Certainly I think everything has it's boundaries and limits as well as reasonable circumstances when deciding what to keep.

Enjoy your life. Relax and get the clutter under control.
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You can however, differentiate between what is defined as someone who clutters or hoards, but shows excessive compulsive behaviors in that area.

These excessive behaviors would result in for example the accummulation of gigantic collections of limited or valueless items that are of no use at all. Not only can't the owner bring themselves to part with these incredible piles of "junk", they can't seem to organize or follow through the entire process of an attempt to get started.

If you have tons of time, and can't seem to accomplish anything, personally I think that would definately be an issue.

Attention-deficit-disorder and hyperactivity (ADHD) seems to play a part in the symptoms exhibited by those people who are obsessed with compulsive-hoarding. This would surely affect the ability to declutter-your-home.

Hoarders Can Get Help

So, maybe there is something else going on with someone you know who you might have always classed as messy, a terrible housekeeper, or just not as organized as you are.

Is This Someone You Know? Is This You?

*This series of questions were formed by a Recovery Group, who feel that the answers may have some significance on the extreme inability to organize.

Does thinking about clutter overwhelm you?

Do your repeated efforts to clean up and get organized not last?

Are you ashamed to have people in your house?

Do you buy things constantly for fear of running out?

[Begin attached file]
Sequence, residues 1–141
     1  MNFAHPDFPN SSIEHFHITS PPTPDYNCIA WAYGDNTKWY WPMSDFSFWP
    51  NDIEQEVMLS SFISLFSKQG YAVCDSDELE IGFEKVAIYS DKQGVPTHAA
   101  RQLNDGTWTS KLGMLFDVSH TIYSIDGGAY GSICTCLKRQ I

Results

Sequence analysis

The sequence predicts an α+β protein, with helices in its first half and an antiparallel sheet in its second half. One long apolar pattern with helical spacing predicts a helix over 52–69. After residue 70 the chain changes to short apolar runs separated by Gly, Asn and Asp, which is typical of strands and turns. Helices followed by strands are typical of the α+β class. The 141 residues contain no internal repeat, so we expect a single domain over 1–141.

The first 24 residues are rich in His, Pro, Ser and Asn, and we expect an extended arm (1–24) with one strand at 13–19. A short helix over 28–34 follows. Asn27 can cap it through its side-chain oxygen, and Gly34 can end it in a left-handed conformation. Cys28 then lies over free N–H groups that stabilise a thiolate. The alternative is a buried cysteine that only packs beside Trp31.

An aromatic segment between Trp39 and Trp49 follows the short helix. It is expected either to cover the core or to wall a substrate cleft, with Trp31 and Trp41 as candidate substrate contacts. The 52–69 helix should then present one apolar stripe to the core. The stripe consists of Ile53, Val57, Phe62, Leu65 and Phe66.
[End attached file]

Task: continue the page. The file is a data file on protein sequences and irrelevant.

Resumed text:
Do you have multiples of everything, simply because you couldn't find the original in the first place when you wanted it?

Does your partner comment negatively about living conditions?

Do you feel like you never accomplish anything fully as you
flit from one chore to the next? This could be a tendency towards ADHD.

The more noise, the better you can concentrate? Possible ADHD tendency.

Are you easily distracted? Possible ADHD tendency.

Do you use the excuse that it will just get messy again anyway and then stop your efforts when trying to declutter-your-home?

Do you keep things that are broken, because you think that they will get fixed at some point?

Do you hold onto poor relationships because you don't think you can do any better?

Do you believe you aren't deserving of better than what you have now?

Does your life feel lacking as opposed to being successful?

Is it hard to determine what is reasonable to keep and what isn't?

Obsessed with hoarding food? Could you feed an army with what you have on hand right now? - Symptom of hoarding.

Do you keep obvious trash items like food-boxes, paper wrappers, garbage items that have obvious odors to them? - Symptom of hoarding.

Answering "yes" up to 4 questions - You probably don't have cluttering problems or severe issues.

Answering "yes" up to 5 or more questions - You just may be a habitual clutterer, and chronically disorganized.

Don't despair. Help and advice is available to help you, which can enable you to declutter-your-home once and for all.

Clutterless Recovery Group

household clutter